**By October 1, 2010:**This is essentially where we are today, after 35 years of dollar-cost averaging. The gold investor has accumulated 129.2 oz of gold at $1316.25. His total amount invested would have been $43,000 His gold would be worth a total of $170,054. Our DOW investor would have also invested $43,000, and his 20.32 accumulated shares would be worth a total of $160, 528.94. Gold wins for the long term investor!

What if you haven't been investing since 1975? Next I'll compare how our two hypothetical investors would have done through October 1, 2010, if they'd started investing at various starting points.

**Started investing on January 1, 1980:**Let's say you got in right about the peak of the gold bubble in 1980 and kept on dollar-costing up to the present. The gold investor would have 93.35 shares of gold worth a total of $122, 866.94. The DOW investor would have 13.31 shares worth a total of $143, 664.47. The DOW investor wins here, which isn't surprising since the gold but started buying in at the peak and the stock investor got in when stocks had experienced a major downturn in the mid-late 1970s.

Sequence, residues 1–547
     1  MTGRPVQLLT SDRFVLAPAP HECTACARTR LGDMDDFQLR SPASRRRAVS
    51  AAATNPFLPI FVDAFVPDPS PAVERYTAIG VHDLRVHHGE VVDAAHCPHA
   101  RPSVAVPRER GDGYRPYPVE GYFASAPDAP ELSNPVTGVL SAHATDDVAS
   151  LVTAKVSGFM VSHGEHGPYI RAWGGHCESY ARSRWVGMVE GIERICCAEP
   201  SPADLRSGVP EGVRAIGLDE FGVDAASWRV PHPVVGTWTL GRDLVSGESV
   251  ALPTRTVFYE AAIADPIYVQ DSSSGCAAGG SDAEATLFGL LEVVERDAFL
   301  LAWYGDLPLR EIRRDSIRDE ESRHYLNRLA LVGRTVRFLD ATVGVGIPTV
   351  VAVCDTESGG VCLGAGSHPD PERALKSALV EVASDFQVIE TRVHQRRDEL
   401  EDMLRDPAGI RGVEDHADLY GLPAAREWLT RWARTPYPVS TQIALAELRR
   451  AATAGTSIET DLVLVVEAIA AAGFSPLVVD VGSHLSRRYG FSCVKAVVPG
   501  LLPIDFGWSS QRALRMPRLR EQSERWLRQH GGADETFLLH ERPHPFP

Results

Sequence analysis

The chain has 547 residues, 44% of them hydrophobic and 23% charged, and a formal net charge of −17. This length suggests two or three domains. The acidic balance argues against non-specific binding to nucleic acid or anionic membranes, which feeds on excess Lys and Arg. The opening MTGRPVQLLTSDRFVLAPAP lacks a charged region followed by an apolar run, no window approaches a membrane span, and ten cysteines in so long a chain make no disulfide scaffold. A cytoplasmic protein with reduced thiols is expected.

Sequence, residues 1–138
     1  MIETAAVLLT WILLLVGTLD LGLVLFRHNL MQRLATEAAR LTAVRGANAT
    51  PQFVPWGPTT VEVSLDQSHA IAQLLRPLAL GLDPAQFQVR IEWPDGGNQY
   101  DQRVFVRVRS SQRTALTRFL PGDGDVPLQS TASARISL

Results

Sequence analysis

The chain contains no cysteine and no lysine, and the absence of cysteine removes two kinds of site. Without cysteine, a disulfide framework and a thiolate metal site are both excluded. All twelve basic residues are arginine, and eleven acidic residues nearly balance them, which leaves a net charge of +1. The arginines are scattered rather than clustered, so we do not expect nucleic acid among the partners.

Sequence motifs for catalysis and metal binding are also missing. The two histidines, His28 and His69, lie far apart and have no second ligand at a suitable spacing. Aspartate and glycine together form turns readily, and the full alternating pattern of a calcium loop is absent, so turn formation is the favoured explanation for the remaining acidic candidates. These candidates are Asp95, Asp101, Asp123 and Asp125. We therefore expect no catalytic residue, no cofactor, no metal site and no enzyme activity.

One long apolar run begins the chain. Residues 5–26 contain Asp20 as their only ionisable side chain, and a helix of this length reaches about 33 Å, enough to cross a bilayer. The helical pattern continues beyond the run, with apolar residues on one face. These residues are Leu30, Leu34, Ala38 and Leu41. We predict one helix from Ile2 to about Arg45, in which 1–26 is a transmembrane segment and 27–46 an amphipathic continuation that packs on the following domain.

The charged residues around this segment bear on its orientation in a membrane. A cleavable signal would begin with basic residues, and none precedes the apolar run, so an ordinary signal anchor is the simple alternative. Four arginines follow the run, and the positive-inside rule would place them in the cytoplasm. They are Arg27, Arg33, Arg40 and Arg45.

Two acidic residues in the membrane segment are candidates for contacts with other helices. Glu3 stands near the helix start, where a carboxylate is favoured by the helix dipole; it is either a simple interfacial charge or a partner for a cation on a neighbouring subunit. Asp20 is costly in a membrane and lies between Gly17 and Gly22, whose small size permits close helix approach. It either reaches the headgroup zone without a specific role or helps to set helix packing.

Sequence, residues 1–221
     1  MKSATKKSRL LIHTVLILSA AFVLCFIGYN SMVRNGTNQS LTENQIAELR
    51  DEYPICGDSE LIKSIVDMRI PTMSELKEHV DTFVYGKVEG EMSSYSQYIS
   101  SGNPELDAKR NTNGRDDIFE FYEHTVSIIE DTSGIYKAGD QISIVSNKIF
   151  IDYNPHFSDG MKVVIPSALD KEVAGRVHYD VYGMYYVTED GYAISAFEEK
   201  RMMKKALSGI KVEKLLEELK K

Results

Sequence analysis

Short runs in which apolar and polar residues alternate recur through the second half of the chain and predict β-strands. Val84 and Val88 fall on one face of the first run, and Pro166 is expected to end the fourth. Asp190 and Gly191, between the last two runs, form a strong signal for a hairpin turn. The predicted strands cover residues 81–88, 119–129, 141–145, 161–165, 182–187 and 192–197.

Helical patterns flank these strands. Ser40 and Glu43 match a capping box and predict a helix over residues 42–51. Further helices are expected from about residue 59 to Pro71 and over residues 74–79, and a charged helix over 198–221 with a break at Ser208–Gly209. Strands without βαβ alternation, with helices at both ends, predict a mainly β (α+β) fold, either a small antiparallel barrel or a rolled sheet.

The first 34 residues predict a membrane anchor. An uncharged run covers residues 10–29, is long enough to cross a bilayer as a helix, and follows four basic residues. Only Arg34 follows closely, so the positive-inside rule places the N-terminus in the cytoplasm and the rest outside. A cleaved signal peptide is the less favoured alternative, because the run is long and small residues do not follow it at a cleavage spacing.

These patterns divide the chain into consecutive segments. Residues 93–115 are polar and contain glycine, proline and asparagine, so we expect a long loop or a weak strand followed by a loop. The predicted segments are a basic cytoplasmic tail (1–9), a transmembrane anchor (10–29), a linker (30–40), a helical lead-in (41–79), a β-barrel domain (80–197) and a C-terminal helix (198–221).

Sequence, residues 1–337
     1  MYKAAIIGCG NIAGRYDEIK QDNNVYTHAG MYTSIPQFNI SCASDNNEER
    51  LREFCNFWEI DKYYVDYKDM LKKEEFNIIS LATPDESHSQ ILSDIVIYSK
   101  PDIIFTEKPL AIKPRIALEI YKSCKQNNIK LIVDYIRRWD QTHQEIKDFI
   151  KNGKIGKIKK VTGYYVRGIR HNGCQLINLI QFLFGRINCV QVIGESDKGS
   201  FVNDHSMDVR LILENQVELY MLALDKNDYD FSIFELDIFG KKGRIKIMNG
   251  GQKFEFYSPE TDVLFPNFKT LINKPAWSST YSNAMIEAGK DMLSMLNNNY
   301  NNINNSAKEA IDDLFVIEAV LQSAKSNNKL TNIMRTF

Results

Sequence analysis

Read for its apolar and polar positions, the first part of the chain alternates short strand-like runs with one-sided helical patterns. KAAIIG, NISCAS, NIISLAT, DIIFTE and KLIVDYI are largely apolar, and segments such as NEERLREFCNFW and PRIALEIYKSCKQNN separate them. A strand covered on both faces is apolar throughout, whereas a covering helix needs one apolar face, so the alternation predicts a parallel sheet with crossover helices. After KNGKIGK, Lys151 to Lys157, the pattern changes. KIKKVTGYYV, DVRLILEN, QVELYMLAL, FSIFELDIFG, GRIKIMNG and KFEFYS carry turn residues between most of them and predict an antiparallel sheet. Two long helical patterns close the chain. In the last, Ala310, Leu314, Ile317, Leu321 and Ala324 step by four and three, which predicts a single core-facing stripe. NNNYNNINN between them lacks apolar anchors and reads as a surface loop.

**Started investing on January 1, 1985:**Gold Guru has 79.28 ounces worth a total of $104, 353.43. Dr. DOW has 7.25 ounces worth $78,268.15. Both did well with their $31,000 of investments, but Gold Guru is much better off.

**Started investing on January 1, 1995:**Gold Guru owns 47.09 ounces worth $61,983.94. Dr. DOW owns 2.17 shares worth only $23,451.13.